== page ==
So given that United (based on miles accumulated) is my Current Best Friend, I thought I'd offer my killer idea to them first.  No need to compensate me.  OK, shucks, if you really want to...

What you should do, United, is charge for taking baggage onto the plane. We’ve all seen passengers that flaunt the “one carry on” rule and take up most of the overhead space with their life’s possessions. We all recognize that those roll-around bags, while legal-sized, actually fit only if turned sideways, two to a row, meaning the third person is out of luck. And if ever there were a group of price-insensitive passengers, it’s gotta be the people who want to carry their luggage on.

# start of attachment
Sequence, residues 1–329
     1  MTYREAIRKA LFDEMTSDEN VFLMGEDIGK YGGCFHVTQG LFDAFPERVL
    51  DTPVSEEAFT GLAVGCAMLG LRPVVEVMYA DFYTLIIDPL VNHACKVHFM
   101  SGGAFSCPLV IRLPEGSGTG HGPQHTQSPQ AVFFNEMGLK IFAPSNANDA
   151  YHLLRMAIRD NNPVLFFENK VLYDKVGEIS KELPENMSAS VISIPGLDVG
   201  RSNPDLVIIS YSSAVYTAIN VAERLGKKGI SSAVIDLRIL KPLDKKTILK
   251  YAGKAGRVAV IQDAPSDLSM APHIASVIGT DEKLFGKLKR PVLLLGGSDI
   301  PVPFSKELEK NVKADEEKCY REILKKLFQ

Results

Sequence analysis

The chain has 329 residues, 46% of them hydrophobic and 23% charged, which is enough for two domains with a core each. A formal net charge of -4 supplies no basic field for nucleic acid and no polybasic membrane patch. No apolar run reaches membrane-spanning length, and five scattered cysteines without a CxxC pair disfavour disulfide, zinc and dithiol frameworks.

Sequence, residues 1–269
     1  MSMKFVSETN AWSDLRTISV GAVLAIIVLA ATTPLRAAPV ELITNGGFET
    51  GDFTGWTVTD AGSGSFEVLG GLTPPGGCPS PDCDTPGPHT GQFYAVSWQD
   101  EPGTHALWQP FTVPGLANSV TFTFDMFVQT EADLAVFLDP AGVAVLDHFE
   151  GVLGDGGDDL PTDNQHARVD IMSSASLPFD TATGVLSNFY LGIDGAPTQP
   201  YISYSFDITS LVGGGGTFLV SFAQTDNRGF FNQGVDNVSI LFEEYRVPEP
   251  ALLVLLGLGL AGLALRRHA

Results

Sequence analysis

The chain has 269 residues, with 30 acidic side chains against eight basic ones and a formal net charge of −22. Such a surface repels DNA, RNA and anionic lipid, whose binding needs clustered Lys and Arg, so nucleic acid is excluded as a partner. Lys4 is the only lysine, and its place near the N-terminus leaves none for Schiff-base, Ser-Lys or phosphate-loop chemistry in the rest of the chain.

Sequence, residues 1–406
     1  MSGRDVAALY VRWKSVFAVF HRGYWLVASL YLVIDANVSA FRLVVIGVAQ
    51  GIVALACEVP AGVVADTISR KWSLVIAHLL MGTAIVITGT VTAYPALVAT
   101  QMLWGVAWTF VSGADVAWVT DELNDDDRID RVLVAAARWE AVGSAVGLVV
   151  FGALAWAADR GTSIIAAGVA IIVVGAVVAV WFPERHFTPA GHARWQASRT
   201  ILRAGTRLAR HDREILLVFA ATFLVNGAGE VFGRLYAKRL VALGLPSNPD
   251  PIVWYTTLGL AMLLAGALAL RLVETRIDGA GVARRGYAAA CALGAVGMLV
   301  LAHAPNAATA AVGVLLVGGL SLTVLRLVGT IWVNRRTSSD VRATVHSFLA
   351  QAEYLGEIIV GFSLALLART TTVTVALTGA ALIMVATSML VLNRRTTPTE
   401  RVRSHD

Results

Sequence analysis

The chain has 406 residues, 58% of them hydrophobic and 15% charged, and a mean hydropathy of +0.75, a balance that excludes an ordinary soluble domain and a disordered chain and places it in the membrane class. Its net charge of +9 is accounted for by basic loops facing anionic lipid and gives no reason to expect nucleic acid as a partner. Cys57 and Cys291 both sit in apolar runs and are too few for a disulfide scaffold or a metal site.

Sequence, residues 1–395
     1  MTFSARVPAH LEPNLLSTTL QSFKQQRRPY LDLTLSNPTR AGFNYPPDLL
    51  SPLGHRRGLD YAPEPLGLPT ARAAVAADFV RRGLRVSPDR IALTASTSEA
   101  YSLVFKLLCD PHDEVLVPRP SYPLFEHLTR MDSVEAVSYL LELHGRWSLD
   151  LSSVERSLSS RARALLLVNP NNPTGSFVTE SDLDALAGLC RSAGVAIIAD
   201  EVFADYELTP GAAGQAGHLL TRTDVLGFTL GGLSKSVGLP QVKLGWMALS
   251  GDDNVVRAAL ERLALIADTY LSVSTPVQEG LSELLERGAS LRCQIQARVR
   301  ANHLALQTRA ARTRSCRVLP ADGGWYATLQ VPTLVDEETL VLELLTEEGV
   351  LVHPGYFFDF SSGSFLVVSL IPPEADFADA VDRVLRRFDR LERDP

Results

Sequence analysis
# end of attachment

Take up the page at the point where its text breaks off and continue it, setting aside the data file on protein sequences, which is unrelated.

American’s policy just encourages people to bring their baggage onto the plane. After all, it’s free. And what are they going to do if you bring on a bag and there’s no room? Charge you for it? Leave it on the tarmac to be blown up by security people? Come on!

By charging for carry-on baggage, you’ll get people to check their bags. And you can price-discriminate by having different levels of carry-on allowance with different prices. Want to carry on everything from Aunt Edna’s appartnment? Want to carry on everything from you kid’s dorm room? No problem, just fork over the dough! Capitalism at its best!

Next:  buy your legroom by the inch!